Weaker link between loonie and crude worsens BoC woes

Decoupling CAD-oil relationship leaves central bank with less leverage to fight inflation, according to macro strategist

Weaker link between loonie and crude worsens BoC woes

The historic relationship between the Canadian dollar and energy prices has weakened, leaving the Bank of Canada with one less instrument to fight inflation as the Russia-Ukraine crisis forces crude oil to its highest level in 14 years.

Because of the close relationship between the Canadian dollar and oil, the central bank has traditionally been able to use a stronger currency to alleviate inflationary pressures brought on by increased energy prices. Gains in the loonie would lower the cost of imports into Canada.

But according to a report from Reuters, this is not the case in the current cycle. The energy crisis is also weighing on the outlook for the global economy, creating a headwind for risky currencies like the loonie and more demand for the safe-haven US dollar.

Eric Theoret, global macro strategist at Manulife Investment Management told Reuters: "There is a kink in the CAD-oil relationship. You are not getting the currency strength that would dampen inflation."

The Canadian dollar was at 1.09 per US dollar, or approximately 92 cents, the last time oil went above $100 a barrel, in 2014. It's currently hovering at 1.28.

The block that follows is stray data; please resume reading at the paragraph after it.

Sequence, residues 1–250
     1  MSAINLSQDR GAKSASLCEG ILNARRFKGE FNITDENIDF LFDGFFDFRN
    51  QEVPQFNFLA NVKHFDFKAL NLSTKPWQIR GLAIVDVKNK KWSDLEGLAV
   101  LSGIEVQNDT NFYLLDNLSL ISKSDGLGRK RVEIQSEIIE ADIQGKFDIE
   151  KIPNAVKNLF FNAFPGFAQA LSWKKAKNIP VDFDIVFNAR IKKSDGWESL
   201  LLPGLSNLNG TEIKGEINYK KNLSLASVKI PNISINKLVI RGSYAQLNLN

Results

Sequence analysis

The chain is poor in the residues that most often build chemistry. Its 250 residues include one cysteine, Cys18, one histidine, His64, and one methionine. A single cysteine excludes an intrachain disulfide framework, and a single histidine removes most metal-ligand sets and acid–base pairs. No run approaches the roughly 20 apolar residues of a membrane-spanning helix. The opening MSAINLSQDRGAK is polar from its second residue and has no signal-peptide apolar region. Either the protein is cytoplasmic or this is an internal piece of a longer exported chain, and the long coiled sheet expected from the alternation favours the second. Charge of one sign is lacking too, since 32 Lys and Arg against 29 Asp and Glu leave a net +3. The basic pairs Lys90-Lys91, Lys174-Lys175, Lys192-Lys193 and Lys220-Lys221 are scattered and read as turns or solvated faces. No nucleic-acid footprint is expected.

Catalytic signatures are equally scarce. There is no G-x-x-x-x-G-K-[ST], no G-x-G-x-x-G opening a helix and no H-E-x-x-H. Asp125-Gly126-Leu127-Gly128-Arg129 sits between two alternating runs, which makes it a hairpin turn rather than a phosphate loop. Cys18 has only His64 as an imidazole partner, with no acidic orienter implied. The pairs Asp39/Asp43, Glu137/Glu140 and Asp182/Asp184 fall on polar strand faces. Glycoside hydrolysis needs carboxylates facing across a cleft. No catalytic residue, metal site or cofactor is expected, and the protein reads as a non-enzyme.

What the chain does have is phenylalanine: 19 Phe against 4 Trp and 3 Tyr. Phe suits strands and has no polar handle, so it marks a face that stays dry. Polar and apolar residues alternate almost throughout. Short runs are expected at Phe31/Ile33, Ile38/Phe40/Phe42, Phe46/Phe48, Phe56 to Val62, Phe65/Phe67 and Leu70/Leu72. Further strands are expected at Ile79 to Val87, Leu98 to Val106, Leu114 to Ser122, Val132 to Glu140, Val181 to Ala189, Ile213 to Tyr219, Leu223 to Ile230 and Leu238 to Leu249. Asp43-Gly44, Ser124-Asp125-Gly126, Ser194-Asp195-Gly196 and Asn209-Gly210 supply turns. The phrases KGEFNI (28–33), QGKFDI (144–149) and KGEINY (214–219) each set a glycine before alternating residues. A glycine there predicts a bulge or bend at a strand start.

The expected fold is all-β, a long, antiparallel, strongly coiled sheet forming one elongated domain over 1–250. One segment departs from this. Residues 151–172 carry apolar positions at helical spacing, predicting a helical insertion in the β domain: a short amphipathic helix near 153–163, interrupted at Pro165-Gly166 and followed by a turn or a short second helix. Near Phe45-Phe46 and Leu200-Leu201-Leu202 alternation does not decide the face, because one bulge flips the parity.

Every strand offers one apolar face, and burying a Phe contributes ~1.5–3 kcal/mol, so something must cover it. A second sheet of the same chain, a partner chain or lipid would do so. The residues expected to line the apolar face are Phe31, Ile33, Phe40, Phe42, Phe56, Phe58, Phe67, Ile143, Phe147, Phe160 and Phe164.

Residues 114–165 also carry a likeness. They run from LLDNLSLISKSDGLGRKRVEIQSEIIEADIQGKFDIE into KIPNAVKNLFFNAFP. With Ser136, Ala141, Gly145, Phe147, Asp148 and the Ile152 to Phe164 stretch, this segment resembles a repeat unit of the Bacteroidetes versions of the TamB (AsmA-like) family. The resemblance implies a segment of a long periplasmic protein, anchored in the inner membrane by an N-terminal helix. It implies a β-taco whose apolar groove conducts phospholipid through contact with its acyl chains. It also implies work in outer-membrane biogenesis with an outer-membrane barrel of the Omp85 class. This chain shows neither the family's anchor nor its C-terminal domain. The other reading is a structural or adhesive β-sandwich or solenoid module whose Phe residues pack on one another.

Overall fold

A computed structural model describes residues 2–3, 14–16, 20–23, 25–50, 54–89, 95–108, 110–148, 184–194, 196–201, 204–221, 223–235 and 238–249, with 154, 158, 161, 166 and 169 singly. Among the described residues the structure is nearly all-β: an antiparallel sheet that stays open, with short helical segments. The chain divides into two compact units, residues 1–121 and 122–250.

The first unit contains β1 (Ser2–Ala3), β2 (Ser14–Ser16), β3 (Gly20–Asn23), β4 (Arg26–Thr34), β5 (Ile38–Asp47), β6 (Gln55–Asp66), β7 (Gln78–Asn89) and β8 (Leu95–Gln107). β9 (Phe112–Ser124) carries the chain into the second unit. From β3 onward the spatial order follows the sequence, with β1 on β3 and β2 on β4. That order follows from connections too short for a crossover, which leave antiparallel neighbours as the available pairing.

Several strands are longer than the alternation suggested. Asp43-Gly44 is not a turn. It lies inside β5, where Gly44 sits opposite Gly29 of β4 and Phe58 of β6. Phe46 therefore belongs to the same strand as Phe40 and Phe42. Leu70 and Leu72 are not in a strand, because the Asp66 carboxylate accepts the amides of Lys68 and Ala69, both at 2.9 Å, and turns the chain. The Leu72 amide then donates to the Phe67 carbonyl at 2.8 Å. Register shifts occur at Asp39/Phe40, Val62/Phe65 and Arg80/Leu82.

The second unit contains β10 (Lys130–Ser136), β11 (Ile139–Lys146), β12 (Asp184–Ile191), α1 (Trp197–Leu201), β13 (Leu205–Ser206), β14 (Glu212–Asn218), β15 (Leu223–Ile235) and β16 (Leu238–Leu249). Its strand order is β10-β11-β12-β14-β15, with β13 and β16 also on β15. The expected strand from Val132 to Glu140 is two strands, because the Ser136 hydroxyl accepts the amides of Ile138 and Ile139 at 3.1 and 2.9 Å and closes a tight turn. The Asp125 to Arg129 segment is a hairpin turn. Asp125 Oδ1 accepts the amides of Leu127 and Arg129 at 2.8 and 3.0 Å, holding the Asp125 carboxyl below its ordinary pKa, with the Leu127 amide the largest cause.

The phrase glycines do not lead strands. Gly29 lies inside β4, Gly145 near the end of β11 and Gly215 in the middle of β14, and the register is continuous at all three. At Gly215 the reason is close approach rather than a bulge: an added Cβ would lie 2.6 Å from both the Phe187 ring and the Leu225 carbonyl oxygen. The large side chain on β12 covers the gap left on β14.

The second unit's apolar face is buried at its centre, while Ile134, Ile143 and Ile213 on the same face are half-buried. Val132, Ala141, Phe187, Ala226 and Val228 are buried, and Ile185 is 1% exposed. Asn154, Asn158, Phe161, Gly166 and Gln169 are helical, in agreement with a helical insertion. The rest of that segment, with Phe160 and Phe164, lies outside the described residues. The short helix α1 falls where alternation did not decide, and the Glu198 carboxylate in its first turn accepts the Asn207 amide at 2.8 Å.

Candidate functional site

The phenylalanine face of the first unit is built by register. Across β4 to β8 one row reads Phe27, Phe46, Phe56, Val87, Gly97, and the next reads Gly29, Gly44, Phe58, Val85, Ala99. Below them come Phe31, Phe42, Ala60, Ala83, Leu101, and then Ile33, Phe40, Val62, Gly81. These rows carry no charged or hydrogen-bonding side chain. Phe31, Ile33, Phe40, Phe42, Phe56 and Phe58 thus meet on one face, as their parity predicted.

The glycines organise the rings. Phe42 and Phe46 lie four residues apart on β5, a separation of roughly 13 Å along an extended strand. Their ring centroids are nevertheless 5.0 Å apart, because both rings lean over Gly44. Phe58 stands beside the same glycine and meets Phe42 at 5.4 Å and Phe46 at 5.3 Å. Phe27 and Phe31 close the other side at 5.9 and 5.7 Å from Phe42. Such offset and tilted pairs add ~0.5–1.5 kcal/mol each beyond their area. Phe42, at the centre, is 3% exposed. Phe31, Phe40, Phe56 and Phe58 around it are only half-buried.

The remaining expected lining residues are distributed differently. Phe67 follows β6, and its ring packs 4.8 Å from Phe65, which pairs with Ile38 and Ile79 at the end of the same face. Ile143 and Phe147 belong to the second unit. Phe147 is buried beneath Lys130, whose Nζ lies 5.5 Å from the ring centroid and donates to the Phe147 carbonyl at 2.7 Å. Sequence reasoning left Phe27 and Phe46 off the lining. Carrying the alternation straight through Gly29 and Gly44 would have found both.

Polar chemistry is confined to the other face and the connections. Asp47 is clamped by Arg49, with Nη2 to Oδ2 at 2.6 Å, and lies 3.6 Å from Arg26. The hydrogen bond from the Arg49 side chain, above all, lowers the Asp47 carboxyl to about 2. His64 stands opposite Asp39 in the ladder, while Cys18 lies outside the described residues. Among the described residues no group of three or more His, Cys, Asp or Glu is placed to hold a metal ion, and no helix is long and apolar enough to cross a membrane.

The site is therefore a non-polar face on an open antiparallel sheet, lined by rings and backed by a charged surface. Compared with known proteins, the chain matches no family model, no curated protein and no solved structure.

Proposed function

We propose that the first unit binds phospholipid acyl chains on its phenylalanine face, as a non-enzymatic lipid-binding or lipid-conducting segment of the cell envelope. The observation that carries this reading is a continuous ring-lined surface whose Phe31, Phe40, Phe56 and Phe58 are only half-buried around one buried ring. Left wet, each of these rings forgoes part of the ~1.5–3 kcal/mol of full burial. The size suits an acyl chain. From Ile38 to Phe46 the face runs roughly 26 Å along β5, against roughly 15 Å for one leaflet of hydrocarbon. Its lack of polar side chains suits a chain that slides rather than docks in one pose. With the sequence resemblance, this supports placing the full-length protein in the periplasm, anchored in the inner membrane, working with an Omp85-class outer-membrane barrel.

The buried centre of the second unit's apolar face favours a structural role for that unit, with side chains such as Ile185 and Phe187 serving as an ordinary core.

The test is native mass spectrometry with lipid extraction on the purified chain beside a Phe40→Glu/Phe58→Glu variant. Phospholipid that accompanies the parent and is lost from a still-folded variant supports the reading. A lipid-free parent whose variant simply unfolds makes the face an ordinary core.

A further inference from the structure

Meanwhile, according to Refinitiv Eikon data, the 3-month rolling correlation between the Canadian currency and oil has dropped to 0.3 from 0.9 in December, getting closer to the zero level that indicates no connection.

"What we've seen over the last month or two has definitely been a quite significant outlier in what has been historically a very steady and pretty consistent relationship," Shaun Osborne, chief currency strategist at Scotiabank, told the news outlet.

"We would probably be in a situation here where the Bank [of Canada] would not be pushing back against the idea of a stronger Canadian dollar," he added.

Economists predict that rising commodity costs will push inflation considerably higher in the coming months.

According to strategists polled by Reuters, higher oil prices will support the loonie in the coming year, but this will be due to an improvement in Canada's terms of trade, or the ratio of export prices to import prices, rather than a projected increase in investment.

After the anguish of 2020's pandemic-induced oil price crash, Canadian firms are reluctant of spending aggressively to increase oil output.

Investors are demanding rigorous financial discipline even as environmental opposition to new fossil-fuel projects, along with the Canadian government's plans to curb carbon emissions, stifles growth.

"The era of 'drill, baby drill' is over in America and it's the same kind of discipline in Canada," said Adam Button, chief currency analyst at ForexLive, referring to a political slogan of the U.S. Republican Party.

"Oil isn't the driver [of the Canadian dollar] it once was," Button stated.